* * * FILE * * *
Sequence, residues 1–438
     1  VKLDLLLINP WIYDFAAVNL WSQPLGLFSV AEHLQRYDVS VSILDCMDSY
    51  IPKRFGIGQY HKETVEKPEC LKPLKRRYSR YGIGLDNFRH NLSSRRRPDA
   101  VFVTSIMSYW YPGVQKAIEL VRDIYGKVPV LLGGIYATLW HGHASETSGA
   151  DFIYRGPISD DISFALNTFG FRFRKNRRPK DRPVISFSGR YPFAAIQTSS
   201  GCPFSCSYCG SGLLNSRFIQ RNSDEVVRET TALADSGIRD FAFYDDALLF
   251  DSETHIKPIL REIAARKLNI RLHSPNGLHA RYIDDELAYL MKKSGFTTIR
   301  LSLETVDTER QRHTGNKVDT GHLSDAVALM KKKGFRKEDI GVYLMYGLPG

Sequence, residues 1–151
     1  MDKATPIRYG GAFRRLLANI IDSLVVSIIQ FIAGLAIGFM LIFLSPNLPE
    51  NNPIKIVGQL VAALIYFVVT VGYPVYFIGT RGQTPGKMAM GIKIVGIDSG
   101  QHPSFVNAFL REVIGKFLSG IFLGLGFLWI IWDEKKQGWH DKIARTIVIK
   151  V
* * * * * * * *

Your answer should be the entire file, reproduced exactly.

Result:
Sequence, residues 1–438
     1  VKLDLLLINP WIYDFAAVNL WSQPLGLFSV AEHLQRYDVS VSILDCMDSY
    51  IPKRFGIGQY HKETVEKPEC LKPLKRRYSR YGIGLDNFRH NLSSRRRPDA
   101  VFVTSIMSYW YPGVQKAIEL VRDIYGKVPV LLGGIYATLW HGHASETSGA
   151  DFIYRGPISD DISFALNTFG FRFRKNRRPK DRPVISFSGR YPFAAIQTSS
   201  GCPFSCSYCG SGLLNSRFIQ RNSDEVVRET TALADSGIRD FAFYDDALLF
   251  DSETHIKPIL REIAARKLNI RLHSPNGLHA RYIDDELAYL MKKSGFTTIR
   301  LSLETVDTER QRHTGNKVDT GHLSDAVALM KKKGFRKEDI GVYLMYGLPG

Sequence, residues 1–151
     1  MDKATPIRYG GAFRRLLANI IDSLVVSIIQ FIAGLAIGFM LIFLSPNLPE
    51  NNPIKIVGQL VAALIYFVVT VGYPVYFIGT RGQTPGKMAM GIKIVGIDSG
   101  QHPSFVNAFL REVIGKFLSG IFLGLGFLWI IWDEKKQGWH DKIARTIVIK
   151  V